DOVER — After 45 years on the air, WOKQ and WPKQ have pulled the plug on “The Telephone Flea Market.”
The radio flea market was a tradition for many New Hampshire listeners who would tune in Sunday mornings to hear about the items callers were selling around the state and other parts of New England.
“It had already been on the air nearly 20 years when I got to WOKQ in 1996,” former operations manager and morning show host Mark Ericson said Tuesday. “I can’t say that I was a fan of the show, but the ratings said otherwise. It was consistently one of the most listened-to shows on the station. I filled in on the show multiple times over the years and from start to finish it was 10 phone lines ringing for five hours.”
The show aired from 7 a.m. to noon with Don Spencer, who began hosting the flea market in 2008. He will remain with the station. The show’s finale was on March 24.
“All good things must someday come to an end,” the station wrote in a message on its Facebook page.
Changing listener habits appear to have been a factor in the decision to end the program that began when Dover-based WOKQ 97.5 FM started playing country music as WDNH-FM in 1973. The station kept the show when the call sign switched to WOKQ in 1977. Sister station WPKQ 103.7 FM “The Peak,” which is based in North Conway, was added in the late 1990s.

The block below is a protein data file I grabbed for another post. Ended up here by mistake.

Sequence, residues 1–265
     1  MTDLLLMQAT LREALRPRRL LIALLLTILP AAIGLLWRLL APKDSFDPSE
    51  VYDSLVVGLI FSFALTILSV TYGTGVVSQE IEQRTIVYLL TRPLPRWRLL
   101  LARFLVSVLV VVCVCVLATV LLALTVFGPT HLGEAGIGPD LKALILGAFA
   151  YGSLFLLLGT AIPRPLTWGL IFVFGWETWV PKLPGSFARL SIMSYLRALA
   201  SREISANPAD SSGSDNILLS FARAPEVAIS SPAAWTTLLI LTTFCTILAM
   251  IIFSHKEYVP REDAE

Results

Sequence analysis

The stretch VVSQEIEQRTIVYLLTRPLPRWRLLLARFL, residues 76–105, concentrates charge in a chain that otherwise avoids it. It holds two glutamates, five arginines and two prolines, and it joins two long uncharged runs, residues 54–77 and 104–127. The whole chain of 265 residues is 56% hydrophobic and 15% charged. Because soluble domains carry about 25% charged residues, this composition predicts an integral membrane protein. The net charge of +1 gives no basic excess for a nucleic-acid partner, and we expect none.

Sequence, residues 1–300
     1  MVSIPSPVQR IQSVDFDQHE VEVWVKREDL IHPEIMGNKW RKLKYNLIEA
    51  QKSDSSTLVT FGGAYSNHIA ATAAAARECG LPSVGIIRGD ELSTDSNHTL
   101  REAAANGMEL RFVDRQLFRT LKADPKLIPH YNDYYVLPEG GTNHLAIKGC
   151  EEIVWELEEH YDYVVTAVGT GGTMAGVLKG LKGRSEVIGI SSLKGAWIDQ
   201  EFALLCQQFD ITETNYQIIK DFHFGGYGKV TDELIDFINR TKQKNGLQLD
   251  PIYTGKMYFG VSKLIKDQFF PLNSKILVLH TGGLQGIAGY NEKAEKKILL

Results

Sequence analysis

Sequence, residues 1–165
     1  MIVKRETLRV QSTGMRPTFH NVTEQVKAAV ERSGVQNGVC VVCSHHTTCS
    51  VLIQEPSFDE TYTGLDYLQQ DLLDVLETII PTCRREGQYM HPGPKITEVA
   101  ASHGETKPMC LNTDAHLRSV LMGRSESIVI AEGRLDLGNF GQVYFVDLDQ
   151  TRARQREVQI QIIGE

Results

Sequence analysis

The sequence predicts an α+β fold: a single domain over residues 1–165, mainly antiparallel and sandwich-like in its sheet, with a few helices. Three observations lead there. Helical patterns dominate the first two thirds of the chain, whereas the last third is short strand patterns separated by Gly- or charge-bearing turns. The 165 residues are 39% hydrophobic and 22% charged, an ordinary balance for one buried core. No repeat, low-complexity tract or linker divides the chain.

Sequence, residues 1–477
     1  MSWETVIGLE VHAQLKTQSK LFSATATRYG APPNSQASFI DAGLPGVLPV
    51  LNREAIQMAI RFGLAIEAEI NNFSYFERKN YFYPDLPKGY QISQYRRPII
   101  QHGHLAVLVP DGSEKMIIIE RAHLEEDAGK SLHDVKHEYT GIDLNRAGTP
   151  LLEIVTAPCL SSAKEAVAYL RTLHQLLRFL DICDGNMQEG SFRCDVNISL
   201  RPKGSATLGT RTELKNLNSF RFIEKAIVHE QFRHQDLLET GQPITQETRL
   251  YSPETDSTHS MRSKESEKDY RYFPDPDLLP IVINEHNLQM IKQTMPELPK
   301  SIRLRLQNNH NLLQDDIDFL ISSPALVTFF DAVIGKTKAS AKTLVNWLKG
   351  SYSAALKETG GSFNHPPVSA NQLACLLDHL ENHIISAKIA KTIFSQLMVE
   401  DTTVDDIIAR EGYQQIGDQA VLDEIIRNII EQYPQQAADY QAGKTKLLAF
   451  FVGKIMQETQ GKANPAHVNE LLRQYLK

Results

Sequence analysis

“As we know, the digital world has changed how people go to market to sell their ‘stuff,’” the station said in its Facebook post.
Many listeners chimed in on the station’s Facebook page to share memories and sadness over the loss of a Sunday morning tradition.
“My dad listened to this every Sunday religiously. Always had his coffee, notebook and pencil in hand. He’s been gone almost four years now and I still miss him laughing over some of Don’s reactions to callers and getting so excited when he got through to sell something,” Jennifer Dubois wrote.
Others remember when former WOKQ radio personality Kenny Tibbetts hosted the show and his weekly calls from a listener named Joe.
Listeners said the show made the station unique.
“I grew up listening to the flea market every Sunday and still (tune) it in on Sundays just for old time’s sake. Going to miss it!” wrote Julie Harrison.
Some listeners got a laugh when callers tried to break the rules by pitching more than three items per call. And no pet or firearm sales were allowed.
Others attempted to ignore the one-vehicle limit, keeping the host on his toes to make sure rules were followed and all callers were treated fairly.
“Been on since I was a kid. … What am I going to listen to in the garage on Sundays,” asked Scott Shepard.